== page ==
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Orakpo's Versatility Brings a Responsibility, Too


The 1st Round Pick
Jul 16, 2009
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Draft day approaches. The various web sites, mavens and maniacs dedicated to the study of personnel puzzles analyze each team’s needs and issue their judgments.

Running back for this one. Receiver for that one. Pass rusher for the party of the third part.

So it went for the Washington Redskins. A lack of pressure usually shows up quickly in an array of statistics, not the least being the old won-loss record. The Redskins ranked fourth in total defense but had a meager 24 sacks, few takeaways and an 8-8 record in 2008. Those 24 were the worst in the NFC and 8.4 below the league average. Team leader Andre Carter had four, and no team had a player with fewer than that as its top sack artist.

So, a pass rusher. The problem is that rookies aren’t often the immediate answer.

No rookie had more than five sacks last year in the NFL. No rookie had more than six in 2007. If the pass rush is a problem and the draft will provide the answer, we are talking a longer-term solution than right here and right now.

Gaines Adams, a defensive end chosen fourth overall by Tampa Bay in 2007 and not much liked by the Washington Redskins scouting staff, led all rookies with half a dozen sacks. He had 6.5 last year. This is the sort of incremental progress pass rushers make. If they make any at all.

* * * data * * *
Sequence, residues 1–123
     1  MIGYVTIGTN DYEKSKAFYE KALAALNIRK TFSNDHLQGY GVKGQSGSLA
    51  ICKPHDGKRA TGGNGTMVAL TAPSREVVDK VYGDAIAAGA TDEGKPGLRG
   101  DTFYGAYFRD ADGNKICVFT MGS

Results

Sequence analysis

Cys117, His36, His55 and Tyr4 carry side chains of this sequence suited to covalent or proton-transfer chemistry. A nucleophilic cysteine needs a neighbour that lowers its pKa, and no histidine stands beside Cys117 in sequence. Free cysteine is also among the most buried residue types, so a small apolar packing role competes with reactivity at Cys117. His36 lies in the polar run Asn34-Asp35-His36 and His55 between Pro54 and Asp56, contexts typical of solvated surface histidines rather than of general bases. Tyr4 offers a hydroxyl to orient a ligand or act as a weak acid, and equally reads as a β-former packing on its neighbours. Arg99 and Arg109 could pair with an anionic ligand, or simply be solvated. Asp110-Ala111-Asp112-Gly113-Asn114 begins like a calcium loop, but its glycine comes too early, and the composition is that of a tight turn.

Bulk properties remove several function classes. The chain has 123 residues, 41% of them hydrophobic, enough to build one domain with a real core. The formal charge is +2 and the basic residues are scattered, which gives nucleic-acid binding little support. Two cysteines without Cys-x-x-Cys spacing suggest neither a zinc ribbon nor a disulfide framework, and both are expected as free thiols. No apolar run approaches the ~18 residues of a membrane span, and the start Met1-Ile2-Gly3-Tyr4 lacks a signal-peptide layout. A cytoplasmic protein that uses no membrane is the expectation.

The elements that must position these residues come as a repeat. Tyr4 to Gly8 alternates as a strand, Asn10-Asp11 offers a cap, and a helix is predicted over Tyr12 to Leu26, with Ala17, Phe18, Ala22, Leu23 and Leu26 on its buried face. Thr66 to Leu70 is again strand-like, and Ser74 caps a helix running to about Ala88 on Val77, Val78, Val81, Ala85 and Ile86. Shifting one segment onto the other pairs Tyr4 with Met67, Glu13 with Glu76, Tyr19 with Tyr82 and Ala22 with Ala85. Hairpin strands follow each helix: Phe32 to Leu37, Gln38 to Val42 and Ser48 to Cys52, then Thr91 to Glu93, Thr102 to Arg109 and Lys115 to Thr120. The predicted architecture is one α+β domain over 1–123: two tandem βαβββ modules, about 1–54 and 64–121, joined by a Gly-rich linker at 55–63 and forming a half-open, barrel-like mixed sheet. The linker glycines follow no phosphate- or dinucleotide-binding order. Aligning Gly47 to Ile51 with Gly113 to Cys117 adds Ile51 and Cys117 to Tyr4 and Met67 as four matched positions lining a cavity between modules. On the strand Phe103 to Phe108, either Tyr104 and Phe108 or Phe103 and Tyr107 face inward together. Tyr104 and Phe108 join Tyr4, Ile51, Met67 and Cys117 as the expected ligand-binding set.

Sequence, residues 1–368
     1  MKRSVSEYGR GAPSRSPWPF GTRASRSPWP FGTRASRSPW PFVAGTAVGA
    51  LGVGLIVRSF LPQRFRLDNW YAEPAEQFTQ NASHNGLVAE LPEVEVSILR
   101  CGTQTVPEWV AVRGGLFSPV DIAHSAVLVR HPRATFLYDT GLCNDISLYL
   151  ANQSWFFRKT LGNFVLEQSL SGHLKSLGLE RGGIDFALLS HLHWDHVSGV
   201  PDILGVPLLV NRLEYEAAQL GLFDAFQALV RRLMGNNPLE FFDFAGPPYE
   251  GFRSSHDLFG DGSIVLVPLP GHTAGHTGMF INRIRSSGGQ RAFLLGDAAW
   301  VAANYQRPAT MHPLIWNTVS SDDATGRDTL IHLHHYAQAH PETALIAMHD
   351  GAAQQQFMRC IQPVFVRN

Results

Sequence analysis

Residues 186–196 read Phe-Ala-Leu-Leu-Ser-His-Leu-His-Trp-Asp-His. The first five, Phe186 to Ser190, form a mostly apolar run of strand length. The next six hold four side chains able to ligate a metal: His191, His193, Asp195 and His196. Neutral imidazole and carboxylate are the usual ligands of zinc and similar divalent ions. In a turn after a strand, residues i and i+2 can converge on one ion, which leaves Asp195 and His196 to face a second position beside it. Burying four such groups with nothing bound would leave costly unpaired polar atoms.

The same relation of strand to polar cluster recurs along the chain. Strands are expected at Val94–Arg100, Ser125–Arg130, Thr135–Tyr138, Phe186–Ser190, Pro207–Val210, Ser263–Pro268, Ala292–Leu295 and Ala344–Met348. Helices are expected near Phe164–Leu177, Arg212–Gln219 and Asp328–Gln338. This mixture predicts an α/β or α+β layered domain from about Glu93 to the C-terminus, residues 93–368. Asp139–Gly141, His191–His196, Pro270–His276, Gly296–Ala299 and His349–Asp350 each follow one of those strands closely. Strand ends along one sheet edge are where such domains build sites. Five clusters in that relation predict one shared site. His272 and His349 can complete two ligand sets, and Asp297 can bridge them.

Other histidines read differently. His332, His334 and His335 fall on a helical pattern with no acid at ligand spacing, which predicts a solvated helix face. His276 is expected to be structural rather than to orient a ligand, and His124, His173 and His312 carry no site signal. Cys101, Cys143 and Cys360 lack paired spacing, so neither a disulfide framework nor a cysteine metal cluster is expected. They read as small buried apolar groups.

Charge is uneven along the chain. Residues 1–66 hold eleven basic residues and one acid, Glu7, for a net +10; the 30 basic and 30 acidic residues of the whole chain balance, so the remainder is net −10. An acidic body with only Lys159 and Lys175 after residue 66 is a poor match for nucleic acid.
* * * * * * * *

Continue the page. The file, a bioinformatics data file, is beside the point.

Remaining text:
Way I see it, how successful Orakpo is this season is directly related to how creatively/effectively Coach Blache uses him. Being a standout physical stud in the NFL is only as effective on its own as the brain it's attached to (Jeff George, pick up the white courtesy phone), so all the reports of the rookie blowing people up in practice means little to me. So will anything he does in preseason, when he won't be targeted by opposing offenses and have to worry too much about the risks of blowing assignments at key points in games.

Rest assured that the Giants on opening day will test the young LB/DE early and often with misdirection and disguised looks. Will he keep contain against the run, or take bad shallow angles and let the RB get outside? Will he follow the RB baiting him out into the flat and let the TE get loose underneath on a key 3rd down late in a close game? Will he let the OT bait him into wide rushes and watch the RB slip inside him over and over?

If Blache can find enough ways to move the kid around situationally and lose him in traffic, limit his reads and protect him from his inexperience and desire to make an impact early (LaVar Arrington, pick up the red courtesy phone), and Orakpo can take advantage of the attention being paid to guys like Haynesworth, Carter and Landry, he could have a good year and accumulate some good early stats.

If they hope he's going to be both a big-time situational pass rusher and a reliable, assignment-savvy every-down starter, however, I'm afraid they're going to be setting him (and us on the outside looking in) for a rollercoaster of a season.
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